Comics wizard Justin Willman has spent the pandemic doing magic for nearly a million people from around the world.
So many people watched his Zoom shows – Magic for Humans at Home, a takeoff of his 2018 Netflix series Magic for Humans.
Now, many of those people who only know Willman from his television appearances on celebrity chef Rachel Ray’s talk show and hosting “Cupcake Wars” on the Food Network and “Baking Impossible” on Netflix are seeing him live now.
“A lot of people who come to my shows have now discovered me by seeing me on TV … and on Zoom, but they’ve never seen me live,” said 41-year-old Willman, who writes Magic for Humans. brings Fox Tucson Theater on Saturday, May 21st. “The great thing about The Art of Magic and the show I’ve put together is that it’s even more amazing in person. When you are there you are in the audience and this show is happening in real time and you are a part of it. … It’s a lot easier to get carried away by the magic and the experience once you’re there.”
The Zoom version of “Magic for Humans” came about, he said, out of a need to “let out the kink in my creative hose.” It also helped him cope with the loss of his mother, who died early from the pandemic.
“I think I took for granted how important[performance]is to me as a person and to my emotional and human well-being, to have an outlet,” Willman said.
His Saturday show is his first show in Tucson in a decade and will be the first time he has performed outside of the Gaslight Theater, where he has been a regular since 2002.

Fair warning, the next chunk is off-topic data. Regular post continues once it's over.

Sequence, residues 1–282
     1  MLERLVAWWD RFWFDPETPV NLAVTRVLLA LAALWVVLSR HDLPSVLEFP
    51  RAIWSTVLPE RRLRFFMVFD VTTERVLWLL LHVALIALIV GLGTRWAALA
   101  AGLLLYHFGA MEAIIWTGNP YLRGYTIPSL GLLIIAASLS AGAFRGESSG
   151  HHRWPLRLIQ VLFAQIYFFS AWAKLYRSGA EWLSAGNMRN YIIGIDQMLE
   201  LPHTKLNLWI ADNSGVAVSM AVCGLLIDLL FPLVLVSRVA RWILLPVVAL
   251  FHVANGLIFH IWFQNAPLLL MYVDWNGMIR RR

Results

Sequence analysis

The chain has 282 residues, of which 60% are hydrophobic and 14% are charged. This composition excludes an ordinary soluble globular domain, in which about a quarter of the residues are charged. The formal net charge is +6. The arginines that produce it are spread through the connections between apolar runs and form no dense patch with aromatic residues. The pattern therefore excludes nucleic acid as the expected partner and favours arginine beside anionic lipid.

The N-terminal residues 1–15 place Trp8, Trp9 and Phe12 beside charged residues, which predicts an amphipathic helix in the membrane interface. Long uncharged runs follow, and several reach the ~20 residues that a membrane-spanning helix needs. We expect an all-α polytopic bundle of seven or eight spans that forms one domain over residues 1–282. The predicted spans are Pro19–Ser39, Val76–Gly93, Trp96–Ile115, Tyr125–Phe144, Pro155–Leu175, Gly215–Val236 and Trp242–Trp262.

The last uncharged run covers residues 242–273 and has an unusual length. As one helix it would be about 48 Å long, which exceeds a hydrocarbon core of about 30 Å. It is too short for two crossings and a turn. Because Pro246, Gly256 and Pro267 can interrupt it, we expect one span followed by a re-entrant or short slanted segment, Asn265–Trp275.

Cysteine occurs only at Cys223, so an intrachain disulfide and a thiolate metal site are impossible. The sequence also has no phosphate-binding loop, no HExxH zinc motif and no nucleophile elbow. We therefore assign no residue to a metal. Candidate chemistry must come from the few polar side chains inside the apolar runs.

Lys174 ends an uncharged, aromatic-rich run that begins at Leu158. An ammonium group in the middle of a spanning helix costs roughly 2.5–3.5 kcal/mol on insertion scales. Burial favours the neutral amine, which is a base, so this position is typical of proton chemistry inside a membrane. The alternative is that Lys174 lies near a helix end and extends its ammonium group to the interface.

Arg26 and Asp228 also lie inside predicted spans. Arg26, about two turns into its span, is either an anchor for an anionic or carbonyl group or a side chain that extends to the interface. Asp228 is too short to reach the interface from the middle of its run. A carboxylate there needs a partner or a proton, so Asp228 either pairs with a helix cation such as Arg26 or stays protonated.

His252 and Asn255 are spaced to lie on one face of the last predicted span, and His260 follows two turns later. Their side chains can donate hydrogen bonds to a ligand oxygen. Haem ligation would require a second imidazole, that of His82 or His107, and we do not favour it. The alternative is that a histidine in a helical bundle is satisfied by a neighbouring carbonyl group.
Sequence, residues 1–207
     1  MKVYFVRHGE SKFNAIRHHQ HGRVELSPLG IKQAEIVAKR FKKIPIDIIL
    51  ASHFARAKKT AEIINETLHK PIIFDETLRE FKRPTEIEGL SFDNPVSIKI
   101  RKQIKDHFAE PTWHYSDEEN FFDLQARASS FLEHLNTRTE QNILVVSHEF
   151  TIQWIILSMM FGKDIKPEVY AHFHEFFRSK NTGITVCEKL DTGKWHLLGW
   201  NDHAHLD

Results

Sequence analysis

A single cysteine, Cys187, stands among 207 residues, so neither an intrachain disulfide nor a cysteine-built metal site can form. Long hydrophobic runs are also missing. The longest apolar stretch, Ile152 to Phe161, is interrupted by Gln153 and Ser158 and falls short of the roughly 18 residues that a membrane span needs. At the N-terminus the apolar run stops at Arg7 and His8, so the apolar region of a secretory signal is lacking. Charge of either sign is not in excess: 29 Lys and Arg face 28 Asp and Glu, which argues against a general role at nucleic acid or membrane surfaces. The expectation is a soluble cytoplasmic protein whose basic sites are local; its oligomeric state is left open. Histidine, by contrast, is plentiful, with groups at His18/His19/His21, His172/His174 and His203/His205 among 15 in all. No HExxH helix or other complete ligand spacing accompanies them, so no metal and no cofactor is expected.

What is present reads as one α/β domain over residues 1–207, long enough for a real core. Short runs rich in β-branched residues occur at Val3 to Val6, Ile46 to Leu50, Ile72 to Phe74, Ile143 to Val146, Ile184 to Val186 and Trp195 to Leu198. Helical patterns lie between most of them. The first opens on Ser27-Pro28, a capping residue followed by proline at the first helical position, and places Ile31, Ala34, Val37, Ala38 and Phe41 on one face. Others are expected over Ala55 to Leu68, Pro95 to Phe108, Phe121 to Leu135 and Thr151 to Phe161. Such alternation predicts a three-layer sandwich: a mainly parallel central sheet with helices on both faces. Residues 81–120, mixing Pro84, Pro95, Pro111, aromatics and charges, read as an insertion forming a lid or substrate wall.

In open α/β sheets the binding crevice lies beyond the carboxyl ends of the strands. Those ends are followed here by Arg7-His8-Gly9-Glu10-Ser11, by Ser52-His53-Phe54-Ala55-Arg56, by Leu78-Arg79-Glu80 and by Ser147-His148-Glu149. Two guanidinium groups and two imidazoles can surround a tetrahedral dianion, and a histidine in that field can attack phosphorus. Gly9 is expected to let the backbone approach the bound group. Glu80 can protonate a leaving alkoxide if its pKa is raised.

At that time he wore the stage name “Justin Kredible”.
“I used to visit my grandparents in SaddleBrooke and do shows at the Gaslight,” he said. “And that started this relationship, which kind of ticked a personal and professional box. It was a great time with my grandparents where they could see me perform and I was going to be spending time in Tucson anyway. And also to be able to build this incredible venue and an audience and fanbase. The Gaslight was something special.”
Willman was in the middle of telling a story about the magical friends he met in Tucson, including Eric Buss from Tucson, when we got a Facebook Messenger notification. Ironically, it was Buss.
“Wow, that’s so weird,” Willman said, remembering how he and Buss had known each other since competing in the same magic pageant in 1996. Buss won the adult award and Willman won the teen category.
Willman, the father of a 4-year-old son named Jackson, said he hopes people in Tucson remember him.
“For me, there was no other city like this,” he said. “Tucson has always been something of a home away from home.”
Contact reporter Cathalena E. Burch at [email protected] On Twitter @Starburch